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Greece, Rome, and The American Experience (Hist 4325): Selecting a Topic

This guide supports Dr. Ronald J. Weber's junior-senior seminar on Roman Culture in American History.

This page has some tips on choosing a topic and some ideas to get you started thinking about a good topic.

What makes a good topic?

A good research topic will be

  • Specific: you can deal with it in the short space of your paper
  • Researchable: there are primary sources, books, and scholarly articles on the topic
  • Factual, not depending on personal opinion: you can demonstrate the correctness of your thesis

Examples of a broad topic narrowed to a specific one:

Architecture -- Influence of Roman architecture in the United States -- Influence of the Pantheon on some specific buildings in the United States

Government -- Influence of Roman form of government on the Founding Fathers and the shapers of the American Congress -- What does the Bill of Rights owe to Roman political philosophy or practice?

American visitors to Rome in the 19th century -- Did American attitudes change? -- Compare the writing of a visitor to Rome in the early 19th century with Mark Twain's writing about Rome later in the century





Research Topic Ideas

Art & Architecture:

  • How did Roman architecture influence the design of American public buildings?
  • How did Roman architecture or the imagined idea of Roman architecture influence American domestic architecture and gardens?
  • Did Roman portraiture have any influence on American portrait painting?
  • Did American landscape painting incorporate classical elements?
  • Did women's fashions and hairstyles imitate classical forms or imagined classical forms, and if so, did those elements from from knowledge of Rome or from European classicizing styles?


  • Which Roman authors were cited or quoted regularly in public writing? (Select a year or a topic and read newspaper articles and other writings on it. List and analyze the classical authors quoted or referred to).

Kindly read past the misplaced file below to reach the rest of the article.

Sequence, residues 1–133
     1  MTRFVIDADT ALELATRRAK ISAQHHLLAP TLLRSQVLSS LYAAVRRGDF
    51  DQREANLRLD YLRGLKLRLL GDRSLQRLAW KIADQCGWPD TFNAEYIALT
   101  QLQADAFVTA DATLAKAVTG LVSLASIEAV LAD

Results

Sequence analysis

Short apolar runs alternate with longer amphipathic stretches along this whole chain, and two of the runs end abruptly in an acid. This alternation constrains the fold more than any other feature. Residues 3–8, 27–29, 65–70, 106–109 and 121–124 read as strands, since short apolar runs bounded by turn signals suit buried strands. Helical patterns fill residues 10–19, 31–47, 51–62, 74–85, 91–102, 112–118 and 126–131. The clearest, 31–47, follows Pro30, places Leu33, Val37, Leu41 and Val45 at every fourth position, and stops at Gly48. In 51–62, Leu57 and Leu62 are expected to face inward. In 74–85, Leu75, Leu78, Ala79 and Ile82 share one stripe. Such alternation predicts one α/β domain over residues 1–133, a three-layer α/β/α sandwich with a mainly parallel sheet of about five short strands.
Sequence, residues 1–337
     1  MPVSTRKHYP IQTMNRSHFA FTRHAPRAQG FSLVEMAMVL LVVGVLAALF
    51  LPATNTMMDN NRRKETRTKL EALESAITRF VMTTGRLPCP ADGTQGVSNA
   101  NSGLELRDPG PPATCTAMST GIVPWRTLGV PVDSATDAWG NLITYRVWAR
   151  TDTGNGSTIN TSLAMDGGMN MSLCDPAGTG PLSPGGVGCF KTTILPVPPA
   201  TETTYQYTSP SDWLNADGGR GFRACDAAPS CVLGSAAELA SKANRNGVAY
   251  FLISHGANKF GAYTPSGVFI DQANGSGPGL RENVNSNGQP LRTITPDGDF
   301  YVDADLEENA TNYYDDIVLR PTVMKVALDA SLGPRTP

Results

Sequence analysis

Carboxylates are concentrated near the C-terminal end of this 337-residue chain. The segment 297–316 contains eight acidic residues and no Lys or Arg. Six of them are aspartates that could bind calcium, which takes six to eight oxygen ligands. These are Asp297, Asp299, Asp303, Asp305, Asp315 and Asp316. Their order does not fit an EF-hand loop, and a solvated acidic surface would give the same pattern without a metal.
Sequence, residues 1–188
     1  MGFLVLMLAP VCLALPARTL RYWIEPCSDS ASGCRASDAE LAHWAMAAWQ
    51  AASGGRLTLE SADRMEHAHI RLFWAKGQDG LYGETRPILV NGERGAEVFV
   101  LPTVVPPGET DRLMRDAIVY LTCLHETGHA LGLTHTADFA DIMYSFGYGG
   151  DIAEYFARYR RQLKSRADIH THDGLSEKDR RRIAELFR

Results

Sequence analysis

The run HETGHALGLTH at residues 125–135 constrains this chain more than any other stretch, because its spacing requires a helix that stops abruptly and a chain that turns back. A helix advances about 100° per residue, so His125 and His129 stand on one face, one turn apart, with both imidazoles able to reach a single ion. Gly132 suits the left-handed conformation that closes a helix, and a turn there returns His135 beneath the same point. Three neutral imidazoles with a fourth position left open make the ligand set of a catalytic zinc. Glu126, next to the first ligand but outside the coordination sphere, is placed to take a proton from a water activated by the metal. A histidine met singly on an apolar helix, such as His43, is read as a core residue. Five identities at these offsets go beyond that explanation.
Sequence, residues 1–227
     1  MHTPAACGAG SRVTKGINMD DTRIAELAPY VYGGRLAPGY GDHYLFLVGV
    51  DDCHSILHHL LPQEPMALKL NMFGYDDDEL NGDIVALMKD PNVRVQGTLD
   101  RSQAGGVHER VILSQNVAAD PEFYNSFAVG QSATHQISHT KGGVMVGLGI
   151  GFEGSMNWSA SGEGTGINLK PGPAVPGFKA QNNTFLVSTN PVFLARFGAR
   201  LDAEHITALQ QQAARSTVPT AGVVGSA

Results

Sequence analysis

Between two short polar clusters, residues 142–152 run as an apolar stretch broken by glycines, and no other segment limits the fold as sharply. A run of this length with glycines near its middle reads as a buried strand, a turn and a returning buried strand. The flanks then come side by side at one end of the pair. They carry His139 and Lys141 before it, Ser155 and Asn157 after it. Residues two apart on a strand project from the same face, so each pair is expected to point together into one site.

• In public writings, was the influence of Roman writers the same in the northern and southern colonies? (Select a year or a topic and read newspaper articles and other writings on it. List and analyze the classical authors quoted or referred to and compare articles from the North and South.)
  • Travel writing:
    • Select one writer who wrote more than one book about his/her travels in Italy. Analyze and compare the treatment of classical themes.
    • Select two or three writers who wrote books or articles about Rome [or another specific place]. Analyze and compare their treatment of places and classical themes.
  • Edward Gibbon:
    • Select a particular place or theme in Gibbon's Decline and Fall of the Roman Empire. Analyze it in detail, incorporating ancient writers and monuments into the analysis.
    • Investigate the influence of Edward Gibbon's Decline and Fall of the Roman Empire on American writers.
  • Cicero: Read a selection of Cicero's works and a selection of American political writings. How did Cicero influence American ideas?


  • Trace the influence of Roman political writing on one or more American political documents (the Declaration of Independence, the Constitution, the Bill of Rights, state constitutions, etc.)
  • Trace the influence of Roman political forms on the development of the Congress and electoral laws.
  • Select a political leader and examine the influence of Roman political thinking on him (John Adams and Thomas Jefferson are the most obvious, but there are many possibilities.)
  • Was there any classical influence in regard to citizenship, race, or ethnicity in the American colonies or states?
  • Did American relations with American Indians owe any ideas to Roman relations with conquered peoples or barbarians?


  • Did agricultural manuals in the early American colonies or states owe any debt to Roman agricultural writers such as Cato the Elder?
  • Did American attitudes to the value and status of farming as an occupation owe anything to Roman attitudes?


  • What was the influence of Roman educational ideals on the development of the American education system?
    • Who should be educated?
    • What subjects were necessary for a leader (or a worker, or a woman) to study?
    • Why were the classics valued and what made them fall from popularity?

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